Devoted to the nexus of literature, poetics, art, criticism, philosophy, culture, & politics.
Candice Lin, Mel Y. Chen, & Jih-Fei Cheng
Candice Lin received her MFA in New Genres at the San Francisco Art Institute in 2004 and her double BA in Visual Arts and Art Semiotics at Brown University in 2001. Her work engages notions of gender, race and sexuality, drawing from postcolonialism, citizen science, anthropology, feminist and queer theory. Lin has been awarded several residencies, grants and fellowships including the Headlands Center for the Arts (2016), the CCF Emerging Artist Fellowship (2015), Fine Arts Work Center residency (2012), the Frankfurter Kunstverein Deutsche Börse Residency (2011), Instituto Sacatar Artist Residency (2011), and the Smithsonian Artist Research Fellowship (2009). Lin has had recent solo exhibitions at Gasworks (London) and Commonwealth & Council (LA) in 2016 and in 2015 at Francois Ghebaly Gallery (LA), 18th Street Arts Center (Santa Monica) and CAAA (Guimarães, Portugal).
Mel Y. Chen is Associate Professor of Gender & Women's Studies and Director for the Center for the Study of Sexual Culture at the University of California, Berkeley. Chen’s 2012 book, Animacies: Biopolitics, Racial Mattering, and Queer Affect (Duke UP, MLA Alan Bray Award), explores questions of racialization, queering, disability, and affective economies in animate and inanimate “life” through the extended concept of animacy. Chen’s second book project concerns the relationships among the conceptual territories of toxicity and intoxication and their involvement in histories of the shared interanimation of race and disability. Writing on cognitive disability and method, the racialization of pollution, and more can be found in Journal of Literary and Cultural Disability Studies, Transgender Studies Quarterly, Discourse, Women in Performance, Australian Feminist Studies, Medical Humanities, and GLQ. From 2013-2016, Chen served on the Board of Directors for the Society for Disability Studies. Chen coedits, with Jasbir K. Puar, a book series entitled “Anima,” highlighting scholarship in critical race and disability post/in/humanisms at Duke University Press.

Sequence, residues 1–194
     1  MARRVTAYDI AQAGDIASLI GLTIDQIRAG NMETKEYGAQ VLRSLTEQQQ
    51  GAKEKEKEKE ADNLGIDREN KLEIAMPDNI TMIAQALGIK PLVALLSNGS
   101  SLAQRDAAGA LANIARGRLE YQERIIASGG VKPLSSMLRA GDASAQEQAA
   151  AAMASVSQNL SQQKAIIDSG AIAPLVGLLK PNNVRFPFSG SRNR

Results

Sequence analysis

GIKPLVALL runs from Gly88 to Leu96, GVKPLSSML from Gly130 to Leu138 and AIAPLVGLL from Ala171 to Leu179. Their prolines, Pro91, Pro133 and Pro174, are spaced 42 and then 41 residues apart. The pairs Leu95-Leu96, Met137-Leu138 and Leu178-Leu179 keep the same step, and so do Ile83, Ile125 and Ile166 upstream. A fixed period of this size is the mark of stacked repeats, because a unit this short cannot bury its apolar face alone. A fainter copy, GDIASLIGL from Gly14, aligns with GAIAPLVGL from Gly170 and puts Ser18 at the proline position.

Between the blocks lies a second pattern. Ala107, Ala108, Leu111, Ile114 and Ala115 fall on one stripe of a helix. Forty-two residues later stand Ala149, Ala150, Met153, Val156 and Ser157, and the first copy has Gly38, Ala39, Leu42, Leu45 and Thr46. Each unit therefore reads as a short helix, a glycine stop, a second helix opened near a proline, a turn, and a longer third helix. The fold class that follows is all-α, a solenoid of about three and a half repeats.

Jih-Fei Cheng is Assistant Professor of Feminist, Gender, and Sexuality at Scripps College. He has been involved in HIV/AIDS social services and queer and trans of color community organizing in San Diego, Los Angeles, and New York City. His book manuscript, AIDS and Its Afterlives in Science and Media: Race, Gender, and the Queer Radical Imagination, examines how the experimental videos of feminist and queer of color AIDS activists produced during the U.S. early crisis years (1980s-early 1990s) continue to intervene into contemporary popular media, scientific conceptualizations, and social movements. His writing appears in Amerasia Journal; Catalyst: Feminism, Theory, Technoscience; Women’s Studies Quarterly; AIDS Education and Prevention: An Interdisciplinary Journal; and Visual AIDS.